• nat sharp

10 tips to survive your first year in business

Updated: Dec 31, 2019



Tips to help your startup business


I've just celebrated my first year in business so thought I would put pen to paper and share my learnings over the last 12 months. Every business is different, but there are always transferable learnings and I've learnt a lot from meeting and consulting with other small business owners.


Here are my top 10 tips to ensure you are in with the best chance of having a successful year:

1. Know what is your motivation for starting the business

It may sound obvious, but be clear at the outset why you're setting up your business and know the order of importance – is it financial reasons, work-life balance, turn your hobby into a business or being able to work from home. Continually remind yourself of these reasons and go back to this when you're making major decisions about the business.


2. Develop a business plan and have long term goals

According to research by Barclays, one in four businesses don't use a business plan. Statistically, businesses with long term goals are far more likely to succeed. Having a long term plan will help ensure you've fully thought through the different aspects of your business from an operational side, as well as strategically. There are some really useful free templates to help including The Princes Trust and Start Up Donut.


3. Know your market

Ensure all your communication resonates with your customers. From your brand name, logo, the marketing channels you use, your website design and blog articles. Everything you do should strike an accord with them. Put your customers at the heart of everything. So often I see a disconnect with a businesses branding, website and communication.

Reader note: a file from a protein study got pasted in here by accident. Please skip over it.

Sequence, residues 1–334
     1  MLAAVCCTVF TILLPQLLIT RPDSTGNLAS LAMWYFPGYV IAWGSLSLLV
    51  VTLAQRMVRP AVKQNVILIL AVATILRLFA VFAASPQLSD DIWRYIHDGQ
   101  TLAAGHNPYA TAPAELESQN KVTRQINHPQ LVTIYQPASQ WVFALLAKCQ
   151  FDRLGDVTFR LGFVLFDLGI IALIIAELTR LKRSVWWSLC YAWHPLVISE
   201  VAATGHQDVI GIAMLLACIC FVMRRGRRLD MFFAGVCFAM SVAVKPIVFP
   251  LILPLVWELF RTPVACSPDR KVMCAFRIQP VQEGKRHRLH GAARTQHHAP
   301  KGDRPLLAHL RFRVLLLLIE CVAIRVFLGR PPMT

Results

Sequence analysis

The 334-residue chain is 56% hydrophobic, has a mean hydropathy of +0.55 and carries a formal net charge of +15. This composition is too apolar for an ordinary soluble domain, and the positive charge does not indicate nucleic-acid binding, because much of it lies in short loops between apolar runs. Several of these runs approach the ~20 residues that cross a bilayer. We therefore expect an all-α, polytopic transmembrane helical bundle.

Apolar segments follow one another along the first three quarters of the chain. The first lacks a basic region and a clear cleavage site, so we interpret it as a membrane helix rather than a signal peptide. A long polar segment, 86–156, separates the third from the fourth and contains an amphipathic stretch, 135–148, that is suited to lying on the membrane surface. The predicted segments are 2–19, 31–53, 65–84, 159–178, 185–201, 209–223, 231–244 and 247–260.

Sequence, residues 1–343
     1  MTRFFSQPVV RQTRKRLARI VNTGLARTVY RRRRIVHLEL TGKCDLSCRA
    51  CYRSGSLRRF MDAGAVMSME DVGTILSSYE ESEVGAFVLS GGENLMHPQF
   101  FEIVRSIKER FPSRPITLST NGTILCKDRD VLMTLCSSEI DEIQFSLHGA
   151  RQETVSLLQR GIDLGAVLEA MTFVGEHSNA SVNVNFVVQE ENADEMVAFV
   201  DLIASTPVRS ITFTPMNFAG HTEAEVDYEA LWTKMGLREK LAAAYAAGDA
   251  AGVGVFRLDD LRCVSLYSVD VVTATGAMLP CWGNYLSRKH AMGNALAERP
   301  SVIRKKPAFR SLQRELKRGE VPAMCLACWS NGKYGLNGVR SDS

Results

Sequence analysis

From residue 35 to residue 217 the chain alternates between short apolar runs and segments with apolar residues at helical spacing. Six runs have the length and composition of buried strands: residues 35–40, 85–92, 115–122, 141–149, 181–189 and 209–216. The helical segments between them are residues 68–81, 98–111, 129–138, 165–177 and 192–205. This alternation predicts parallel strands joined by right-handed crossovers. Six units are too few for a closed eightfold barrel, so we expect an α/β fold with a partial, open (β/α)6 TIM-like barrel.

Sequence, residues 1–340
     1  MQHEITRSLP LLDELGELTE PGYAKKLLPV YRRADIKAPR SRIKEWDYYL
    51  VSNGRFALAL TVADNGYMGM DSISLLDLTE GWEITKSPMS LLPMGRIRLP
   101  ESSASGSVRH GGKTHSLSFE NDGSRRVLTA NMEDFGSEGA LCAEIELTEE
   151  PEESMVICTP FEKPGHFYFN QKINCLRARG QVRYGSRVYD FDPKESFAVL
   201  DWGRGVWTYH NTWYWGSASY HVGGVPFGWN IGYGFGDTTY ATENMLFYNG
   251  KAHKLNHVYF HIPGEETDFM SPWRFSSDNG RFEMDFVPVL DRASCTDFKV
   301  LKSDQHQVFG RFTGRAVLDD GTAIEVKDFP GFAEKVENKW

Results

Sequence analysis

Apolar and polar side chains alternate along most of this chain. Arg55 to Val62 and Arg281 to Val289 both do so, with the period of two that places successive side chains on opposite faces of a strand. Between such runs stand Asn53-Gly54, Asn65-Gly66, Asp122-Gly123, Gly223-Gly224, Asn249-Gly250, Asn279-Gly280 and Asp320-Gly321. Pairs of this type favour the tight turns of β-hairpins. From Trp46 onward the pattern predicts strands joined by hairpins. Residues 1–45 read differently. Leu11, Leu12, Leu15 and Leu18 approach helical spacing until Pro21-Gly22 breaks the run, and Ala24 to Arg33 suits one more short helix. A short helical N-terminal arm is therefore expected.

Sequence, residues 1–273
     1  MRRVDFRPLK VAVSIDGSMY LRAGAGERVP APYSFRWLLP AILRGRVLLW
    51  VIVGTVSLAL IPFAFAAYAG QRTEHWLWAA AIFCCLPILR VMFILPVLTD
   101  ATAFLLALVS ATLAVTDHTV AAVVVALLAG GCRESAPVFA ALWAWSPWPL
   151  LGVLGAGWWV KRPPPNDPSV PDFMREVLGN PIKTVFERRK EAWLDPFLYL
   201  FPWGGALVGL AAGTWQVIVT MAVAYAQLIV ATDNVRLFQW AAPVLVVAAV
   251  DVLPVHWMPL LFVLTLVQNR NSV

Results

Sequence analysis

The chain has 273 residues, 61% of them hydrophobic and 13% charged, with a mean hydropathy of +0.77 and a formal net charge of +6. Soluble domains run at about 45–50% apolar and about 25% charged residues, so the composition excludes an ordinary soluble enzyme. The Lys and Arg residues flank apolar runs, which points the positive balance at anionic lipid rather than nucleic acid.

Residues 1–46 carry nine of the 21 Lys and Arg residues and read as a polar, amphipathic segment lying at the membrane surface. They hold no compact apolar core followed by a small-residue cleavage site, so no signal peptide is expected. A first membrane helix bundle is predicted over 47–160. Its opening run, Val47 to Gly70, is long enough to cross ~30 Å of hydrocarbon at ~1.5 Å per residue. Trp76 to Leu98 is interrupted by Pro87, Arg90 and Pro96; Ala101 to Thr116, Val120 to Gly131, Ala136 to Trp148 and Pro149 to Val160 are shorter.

As a business owner, you need to separate out your personal preferences and ensure you're not making a decision because you're emotionally invested. Difficult I know! Also, don't make wild assumptions about your target audience. Get to know them by doing some research and look at what your competitors are up to. Follow them on social media and sign up to their newsletters to see how they communicate and how their customers interact. Use audience personas.


4. Ensure you have a website that looks professional

Don't scrimp on a website. There are cost-effective ways of doing it, but a website is an absolute must for any business and it needs to be done properly. Make sure you're using a platform you can update easily afterwards like Word Press or Wix. Wix offers some useful design tips.


Also, ensure it is set up correctly for mobile usage and fully optimised for search engine optimisation (SEO) to give your business the best chance of being seen. I'd also advise adding a blog to your website to drive your social media content which in turn will help with SEO. Remember though, if you go down this route, it needs to be updated regularly.


5. Be patient, whilst proactive and resourceful

The orders/contracts still haven't come in and you start to feel the pressure. Be patient and persistent. It takes years to build a brand and get the world to know about you. Just because you've done something once or twice, don't expect that to be a tick off your to-do list. To put into perspective, the average person needs to see an ad up to seven times before they will act! Sales and marketing are an ongoing commitment.